14: Writers inspired by Poe | Arthur Conan Doyle was one of the most famous writers that was inspired by Edgar Allan Poe. Doyle was a physician and writer most famous for his Sherlock Holmes detective stories.

15: During Doyle's lifespan, there was multiple movies based on stories written by Doyle. These story-based movies include "The Lost World", "The Adventures of Sherlock Holmes", "The Sign of Four", and "The Lost Special". | Inspiration from Poe Arthur Conan Doyle once stated that "Poe was the the model for all time." Doyle was fascinated from Poe's story, "The Chevalier C. Auguste Dupin", and it inspired him to start writing detective stories. | Sherlock Holmes One of Doyle's world famous writing series is the "Sherlock Holmes" series. This series of novels were made into movies and are one of the most well known detective stories in US. "Sherlock Holmes" was made into many different modern movies.

16: The Lasting Legacy

17: Poe's life was never simple normal or easy. First of all he was adopted by a man and women happily married. The dad always hated him, and when his mom died he was left alone with a person that hated him. Imagine what that would be like alone no mother left to live with someone that hated you, not fun right. Poe was about to go to college and his dad wasn't going to lift a finger to help. He got into a college but when he got there he needed money for books and supplies to be able to participate in class. He sent letters to his dad because he needed money, but his dad never replied. So, he had to leave college and he started working for the newspaper because he needed money. He ended up working in literary criticism.

18: Poe made lots of money being a literary critic. He reviewed over 200 pieces in his lifetime. Poe showed his differences from other critics in many ways. One of the differences he had from others is the way he annotated the mistakes of the writers. He wrote within angled brackets <> he directed the main document himself. He also wrote in double angled brackets, >><<, which he used to remove and scratch out the writing. Poe’s other way of annotating was writing in square brackets, and noting the corrections that were not in the original document he was editing. Poe admired originality, often in work very different from his own. Poe’s most popular recognition for his criticism was how harsh he was to people. | Summary

19: He stressed many writers by his harsh critical notes. It was said that Poe laid down the rules of short story writing. He angered many literary writers; an example would be the poet Longfellow. At times when Poe was reviewing the writing he argued with the writers. He was so intense about his critiquing methods that at times he accused people of plagiarism. The writers that Poe critiqued were influenced by the way that he wrote his stories. Poe also contributed to French poetry, for he was known as the French “Poetic Master Model” and he was the guide French poetry and its criticism. Edgar Allan Poe made an undeniable mark on American literary criticism.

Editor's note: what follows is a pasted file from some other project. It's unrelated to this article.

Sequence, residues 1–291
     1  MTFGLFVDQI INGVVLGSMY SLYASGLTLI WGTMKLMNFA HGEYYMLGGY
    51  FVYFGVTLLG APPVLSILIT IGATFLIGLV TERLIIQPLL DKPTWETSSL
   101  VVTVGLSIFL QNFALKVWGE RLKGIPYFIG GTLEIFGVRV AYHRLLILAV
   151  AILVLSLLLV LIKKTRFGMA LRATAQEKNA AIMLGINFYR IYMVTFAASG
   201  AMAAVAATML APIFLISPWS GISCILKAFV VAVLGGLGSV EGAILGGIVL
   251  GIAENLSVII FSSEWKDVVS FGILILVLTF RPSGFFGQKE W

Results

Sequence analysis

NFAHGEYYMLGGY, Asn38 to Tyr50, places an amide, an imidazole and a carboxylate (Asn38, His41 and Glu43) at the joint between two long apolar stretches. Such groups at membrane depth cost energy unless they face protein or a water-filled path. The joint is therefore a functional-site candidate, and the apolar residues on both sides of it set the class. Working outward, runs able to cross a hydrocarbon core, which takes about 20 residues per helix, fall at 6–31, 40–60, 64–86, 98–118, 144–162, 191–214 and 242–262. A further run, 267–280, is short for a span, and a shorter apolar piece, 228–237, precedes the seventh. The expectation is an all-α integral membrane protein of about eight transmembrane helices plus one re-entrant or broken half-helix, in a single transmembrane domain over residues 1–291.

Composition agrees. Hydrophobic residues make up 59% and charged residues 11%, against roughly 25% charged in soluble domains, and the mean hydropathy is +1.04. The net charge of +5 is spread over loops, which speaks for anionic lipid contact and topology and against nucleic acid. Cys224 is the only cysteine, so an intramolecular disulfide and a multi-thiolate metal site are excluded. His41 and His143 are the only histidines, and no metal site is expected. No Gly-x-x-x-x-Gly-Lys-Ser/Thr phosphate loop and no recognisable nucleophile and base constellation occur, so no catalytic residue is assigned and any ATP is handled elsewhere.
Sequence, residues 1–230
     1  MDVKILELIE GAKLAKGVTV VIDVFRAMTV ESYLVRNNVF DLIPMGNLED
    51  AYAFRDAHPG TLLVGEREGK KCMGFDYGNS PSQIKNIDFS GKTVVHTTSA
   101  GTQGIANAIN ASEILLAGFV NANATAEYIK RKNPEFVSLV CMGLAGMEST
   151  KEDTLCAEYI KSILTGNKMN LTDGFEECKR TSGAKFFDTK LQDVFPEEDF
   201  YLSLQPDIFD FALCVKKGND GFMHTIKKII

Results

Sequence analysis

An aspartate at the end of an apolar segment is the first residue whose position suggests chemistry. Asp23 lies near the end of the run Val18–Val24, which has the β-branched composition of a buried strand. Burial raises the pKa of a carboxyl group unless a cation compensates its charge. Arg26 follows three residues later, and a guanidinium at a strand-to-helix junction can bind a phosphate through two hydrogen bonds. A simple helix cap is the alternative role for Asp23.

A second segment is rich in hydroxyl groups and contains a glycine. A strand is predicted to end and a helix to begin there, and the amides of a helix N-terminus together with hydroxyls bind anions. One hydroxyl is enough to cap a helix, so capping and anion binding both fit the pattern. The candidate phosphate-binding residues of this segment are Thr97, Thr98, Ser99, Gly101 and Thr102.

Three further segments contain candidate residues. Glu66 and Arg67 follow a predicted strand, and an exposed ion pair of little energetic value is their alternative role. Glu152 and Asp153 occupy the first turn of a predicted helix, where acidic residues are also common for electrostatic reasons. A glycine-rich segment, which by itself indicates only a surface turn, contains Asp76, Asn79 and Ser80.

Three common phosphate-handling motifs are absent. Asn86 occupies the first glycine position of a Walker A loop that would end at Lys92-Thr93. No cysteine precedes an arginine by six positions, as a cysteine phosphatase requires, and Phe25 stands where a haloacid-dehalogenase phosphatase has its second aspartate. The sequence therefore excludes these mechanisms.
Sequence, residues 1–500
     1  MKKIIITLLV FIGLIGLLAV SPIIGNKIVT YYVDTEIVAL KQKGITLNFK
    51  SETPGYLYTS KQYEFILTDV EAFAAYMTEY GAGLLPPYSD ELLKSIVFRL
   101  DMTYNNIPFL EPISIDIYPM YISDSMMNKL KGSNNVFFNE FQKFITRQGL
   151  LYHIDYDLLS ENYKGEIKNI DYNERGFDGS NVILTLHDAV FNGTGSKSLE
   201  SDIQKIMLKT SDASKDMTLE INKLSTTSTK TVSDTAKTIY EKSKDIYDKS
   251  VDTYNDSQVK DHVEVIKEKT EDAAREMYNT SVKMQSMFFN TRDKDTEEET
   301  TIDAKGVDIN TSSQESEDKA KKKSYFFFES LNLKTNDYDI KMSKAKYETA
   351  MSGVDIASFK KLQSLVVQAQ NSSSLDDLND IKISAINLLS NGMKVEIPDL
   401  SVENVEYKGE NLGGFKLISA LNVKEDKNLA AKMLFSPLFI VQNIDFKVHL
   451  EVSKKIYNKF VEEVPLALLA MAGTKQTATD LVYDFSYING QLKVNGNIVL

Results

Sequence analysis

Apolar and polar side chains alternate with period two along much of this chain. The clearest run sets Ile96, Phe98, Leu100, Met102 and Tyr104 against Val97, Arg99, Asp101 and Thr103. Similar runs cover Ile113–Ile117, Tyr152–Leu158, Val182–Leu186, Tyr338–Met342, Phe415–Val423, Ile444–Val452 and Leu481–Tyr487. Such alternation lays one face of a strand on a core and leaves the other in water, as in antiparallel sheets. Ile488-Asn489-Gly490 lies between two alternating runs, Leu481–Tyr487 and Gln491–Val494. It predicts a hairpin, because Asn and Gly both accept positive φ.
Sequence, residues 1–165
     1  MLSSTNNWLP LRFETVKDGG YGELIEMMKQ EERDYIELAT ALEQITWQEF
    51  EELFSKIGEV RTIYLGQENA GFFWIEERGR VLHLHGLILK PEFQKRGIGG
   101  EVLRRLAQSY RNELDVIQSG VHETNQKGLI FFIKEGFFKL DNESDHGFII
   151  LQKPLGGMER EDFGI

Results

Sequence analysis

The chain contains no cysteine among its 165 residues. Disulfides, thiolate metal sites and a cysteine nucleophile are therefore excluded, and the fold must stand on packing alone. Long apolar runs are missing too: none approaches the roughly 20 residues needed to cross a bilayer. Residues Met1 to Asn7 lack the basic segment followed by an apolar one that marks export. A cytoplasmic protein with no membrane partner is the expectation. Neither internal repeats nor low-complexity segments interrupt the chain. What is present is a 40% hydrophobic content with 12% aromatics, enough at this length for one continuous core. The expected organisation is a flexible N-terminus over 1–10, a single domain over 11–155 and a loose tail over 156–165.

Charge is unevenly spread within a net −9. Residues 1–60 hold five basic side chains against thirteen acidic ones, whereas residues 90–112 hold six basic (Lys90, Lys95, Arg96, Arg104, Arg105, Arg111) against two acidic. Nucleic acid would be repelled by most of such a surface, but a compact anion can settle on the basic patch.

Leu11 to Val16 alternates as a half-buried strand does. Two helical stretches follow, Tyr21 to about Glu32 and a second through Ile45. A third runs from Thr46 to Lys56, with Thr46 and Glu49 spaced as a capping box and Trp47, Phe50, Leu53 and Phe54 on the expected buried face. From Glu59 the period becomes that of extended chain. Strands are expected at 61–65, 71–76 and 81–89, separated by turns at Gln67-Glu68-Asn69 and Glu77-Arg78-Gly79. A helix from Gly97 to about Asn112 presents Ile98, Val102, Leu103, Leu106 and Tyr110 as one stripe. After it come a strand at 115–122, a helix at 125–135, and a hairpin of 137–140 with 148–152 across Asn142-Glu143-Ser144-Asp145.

20: Bibliography: | bing images Cengage, Gale. "Edgar Allan Poe Critisism." Enotes. Nineteenth-Century Literary Criticism, n.d. Web. 29 Nov 2012. . Cooke, John. "Edgar Allan Poe Critisism." Edgar Allan Poe Society of Baltimore. The Johns Hopkins Press, n.d. Web. 29 Nov 2012. . "Edgar Allan Poe." Encyclopdia Britannica. Encyclopdia Britannica Online Academic Edition. Encyclopdia Britannica Inc., 2012. Web. 04 Dec. 2012.

21: "Edgar Allan Poe." Encyclopdia Britannica. Encyclopdia Britannica Online Academic Edition. Encyclopdia Britannica Inc., 2012. Web. 04 Dec. 2012. Google images . "Information on Edgar Allen Poe." Ehow. Demand Media, Inc, n.d. Web. 29 Nov 2012. . . "The Literary Criticism of Edgar Allan Poe." Edgar Allan Poe Society of Baltimore. The Johns Hopkins Press, 23 2012. Web. 4 Dec 2012. . . "The Literary Criticism Edgar Allan Poe." Scribd. Scribd Inc., n.d. Web. 4 Dec 2012. . . "Poet: Edgar Allan Poe- All Poems of Edgar Allan Poe."Poem Hunter. PoemHunter.com, 6 2012. Web. 6 Dec 2012. . . "Twice-Told Tale Critique." Edgar Allan Poe Society of Baltimore. The Johns Hopkins Press, 27 2001. Web. 6 Dec 2012. .

22: By: Allie K. Christine Madison and Matthew

23: Edgar Allan Poe (1809 - 1849)